‘Attack mode’ mentality propels Minutewomen to 27-2 rout over Saint Bonaventure

The two goals allowed by UMass are the fewest in a half decade

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Kira Johnson/Daily Collegian

By Freeman Alfano, Collegian Staff

Just under 20 minutes into the contest and already up double digits, the Massachusetts women’s lacrosse team spotted a hapless Saint Bonaventure attacker taking the ball up the field. Teri Manzelli, who scored the Bonnies’ (2-10, 0-8 A-10) lone goal up to that point, was quickly swarmed by two Minutewomen (12-2, 7-0 A-10) midfielders as she tried to approach the attacking zone down the sideline.

With nowhere to go, Manzelli attempted a desperate no-look heave of the ball behind her head—to no avail, of course. The ball went out of bounds and UMass quickly stormed down the field, resulting in a goal just a half a minute later to increase the lead to 12.

“I thought our defense did a great job of playing very aggressive,” UMass head coach Angela McMahon said after the 27-2 drubbing. “[We] just really played well as a team, hitting each area – draws, defense [and] offense… it was a great overall team effort.”

Although the Minutewomen built their lead in the attacking zone through their seemingly never-ending list of offensive playmakers, they won the game in the midfield. Almost every time the Bonnies tried to mount an attack of their own, the player in transition with the ball was met by two, or even three, UMass midfielders. This hyper-aggressive ball pressure scheme by McMahon was a resounding success for her and the team, as St. Bonaventure struggled to even get the ball into the attacking zone and turned it over 17 times.

“It’s really just being on the same page,” McMahon said of the Minutewomen’s success in their aggression on Friday. “They were really united in that it wasn’t just one person pressuring; it was all of them, and that’s what created a lot of turnovers for us… the aggressiveness and mentality of being in attack mode, wherever it was on the field, I thought we did a good job of.”

That midfield play, coupled with a dominant outing from the team’s defenders, resulted in just five shots on goal for the Bonnies compared to 39 for the Minutewomen. Only one of those five shots came in the first half with the deficit within at least 20 goals. That was a product of not only Caitlyn Petro’s record-setting 24 draw controls and the team’s overall control of possession throughout the contest, but the defense shutting down St. Bonaventure’s few appearances in the offensive zone, as well.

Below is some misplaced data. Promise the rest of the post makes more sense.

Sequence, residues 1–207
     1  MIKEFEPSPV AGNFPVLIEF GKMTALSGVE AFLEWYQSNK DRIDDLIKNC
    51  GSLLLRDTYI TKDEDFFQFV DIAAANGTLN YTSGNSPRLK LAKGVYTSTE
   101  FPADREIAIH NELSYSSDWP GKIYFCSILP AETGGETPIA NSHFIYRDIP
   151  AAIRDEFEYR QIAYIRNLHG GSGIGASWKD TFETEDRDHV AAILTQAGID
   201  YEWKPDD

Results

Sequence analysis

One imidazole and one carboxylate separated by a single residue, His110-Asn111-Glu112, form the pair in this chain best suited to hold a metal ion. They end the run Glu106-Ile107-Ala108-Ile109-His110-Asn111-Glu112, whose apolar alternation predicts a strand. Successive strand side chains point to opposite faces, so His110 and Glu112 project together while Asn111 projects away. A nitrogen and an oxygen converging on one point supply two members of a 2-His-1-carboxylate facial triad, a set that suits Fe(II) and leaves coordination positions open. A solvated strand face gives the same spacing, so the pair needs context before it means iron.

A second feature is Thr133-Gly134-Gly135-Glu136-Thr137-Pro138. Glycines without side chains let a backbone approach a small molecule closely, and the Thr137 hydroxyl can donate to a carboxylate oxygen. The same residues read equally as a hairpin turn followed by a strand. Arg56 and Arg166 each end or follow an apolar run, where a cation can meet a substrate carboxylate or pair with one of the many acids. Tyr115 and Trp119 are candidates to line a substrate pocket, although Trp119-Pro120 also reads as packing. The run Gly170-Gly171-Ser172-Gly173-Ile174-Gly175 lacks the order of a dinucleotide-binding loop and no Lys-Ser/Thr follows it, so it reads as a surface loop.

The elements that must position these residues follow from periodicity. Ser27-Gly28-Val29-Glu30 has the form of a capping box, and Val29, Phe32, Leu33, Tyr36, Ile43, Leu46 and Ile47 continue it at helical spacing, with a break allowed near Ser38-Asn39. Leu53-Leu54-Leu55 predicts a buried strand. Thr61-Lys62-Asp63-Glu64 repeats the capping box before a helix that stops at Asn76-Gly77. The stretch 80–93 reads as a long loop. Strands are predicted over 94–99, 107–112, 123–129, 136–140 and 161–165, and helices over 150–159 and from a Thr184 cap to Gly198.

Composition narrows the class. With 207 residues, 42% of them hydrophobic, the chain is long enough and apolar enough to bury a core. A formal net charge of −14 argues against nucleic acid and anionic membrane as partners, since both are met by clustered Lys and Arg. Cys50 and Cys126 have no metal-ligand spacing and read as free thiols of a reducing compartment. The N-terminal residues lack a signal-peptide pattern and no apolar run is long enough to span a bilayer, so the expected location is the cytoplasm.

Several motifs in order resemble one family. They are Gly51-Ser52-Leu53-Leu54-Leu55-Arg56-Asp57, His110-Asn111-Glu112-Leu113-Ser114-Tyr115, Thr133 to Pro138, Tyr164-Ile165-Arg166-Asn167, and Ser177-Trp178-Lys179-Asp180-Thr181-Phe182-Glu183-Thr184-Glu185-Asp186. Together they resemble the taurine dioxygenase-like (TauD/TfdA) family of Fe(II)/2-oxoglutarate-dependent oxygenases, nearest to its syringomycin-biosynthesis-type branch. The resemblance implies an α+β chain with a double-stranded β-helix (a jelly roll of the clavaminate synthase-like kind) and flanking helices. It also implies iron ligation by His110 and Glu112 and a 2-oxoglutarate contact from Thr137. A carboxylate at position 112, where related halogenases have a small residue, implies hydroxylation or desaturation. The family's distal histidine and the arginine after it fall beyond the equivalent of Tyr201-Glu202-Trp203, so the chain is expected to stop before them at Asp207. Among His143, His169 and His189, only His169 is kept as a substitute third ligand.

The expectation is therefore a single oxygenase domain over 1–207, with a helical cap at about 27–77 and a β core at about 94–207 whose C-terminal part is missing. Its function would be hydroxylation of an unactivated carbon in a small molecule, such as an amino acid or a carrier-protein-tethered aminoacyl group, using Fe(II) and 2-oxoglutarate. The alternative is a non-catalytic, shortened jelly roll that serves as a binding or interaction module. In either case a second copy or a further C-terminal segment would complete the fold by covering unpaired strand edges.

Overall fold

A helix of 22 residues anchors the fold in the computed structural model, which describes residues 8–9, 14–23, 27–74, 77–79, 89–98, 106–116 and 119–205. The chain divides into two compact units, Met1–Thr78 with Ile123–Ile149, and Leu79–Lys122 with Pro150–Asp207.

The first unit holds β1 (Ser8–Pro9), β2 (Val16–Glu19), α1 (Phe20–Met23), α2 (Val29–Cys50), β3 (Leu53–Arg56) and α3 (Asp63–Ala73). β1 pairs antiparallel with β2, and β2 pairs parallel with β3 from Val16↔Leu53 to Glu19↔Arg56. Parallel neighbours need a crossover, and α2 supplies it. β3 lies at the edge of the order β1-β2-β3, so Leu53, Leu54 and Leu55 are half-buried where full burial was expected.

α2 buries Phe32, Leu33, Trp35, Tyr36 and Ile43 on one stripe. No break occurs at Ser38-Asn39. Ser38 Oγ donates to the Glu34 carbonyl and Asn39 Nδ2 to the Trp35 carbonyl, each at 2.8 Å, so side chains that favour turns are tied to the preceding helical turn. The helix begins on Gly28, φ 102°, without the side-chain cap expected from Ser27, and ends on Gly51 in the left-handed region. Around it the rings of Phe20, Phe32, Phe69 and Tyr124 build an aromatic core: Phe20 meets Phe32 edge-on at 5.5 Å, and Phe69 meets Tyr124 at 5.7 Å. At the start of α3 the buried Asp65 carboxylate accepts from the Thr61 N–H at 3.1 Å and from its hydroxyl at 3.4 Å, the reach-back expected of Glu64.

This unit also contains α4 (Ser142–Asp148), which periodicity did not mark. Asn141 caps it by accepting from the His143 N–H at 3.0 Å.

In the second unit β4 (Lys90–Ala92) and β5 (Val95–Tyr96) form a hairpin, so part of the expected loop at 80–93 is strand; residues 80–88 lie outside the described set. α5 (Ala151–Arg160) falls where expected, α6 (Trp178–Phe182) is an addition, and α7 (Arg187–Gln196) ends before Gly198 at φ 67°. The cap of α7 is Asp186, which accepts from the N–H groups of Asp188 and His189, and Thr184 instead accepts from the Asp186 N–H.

“We just had the ball possession, ultimately, between draws and then causing turnovers,” McMahon said of how the team was so successful in limiting the Bonnies scoring chances. “The couple of times we didn’t get settled in on defense, we were still of that attacking mindset and really limiting opportunities and keeping them outside.”

The two goals UMass let up on Friday were the fewest they’ve allowed since 2016, which, ironically, also came in a 20-goal win over Saint Bonaventure. This season, the Minutewomen have let up more than 15 goals just once and allowed fewer than 10 goals seven times during their 11-game win streak.

Their sense of connectedness in all three phases of the game, not just on offense, is what makes them not only a favorite to win the Atlantic 10 Tournament, but a legitimate contender for best team in the country.

“It’s just the kids being connected and united in what we’re doing,” McMahon said of how she hopes to carry this performance into the rest of the season. “That’s the key element – everything we do, we do as a team… every single person is critical to have [this] type of success, so that’s what we’re going to push.”

Sporting an 11-game winning streak, this synergic UMass squad will look to end its regular season on a high note on Sunday against Saint Joseph’s. Faceoff in Philly is scheduled for noon.

Freeman Alfano can be reached at [email protected]. Follow him on Twitter @freemanalfano.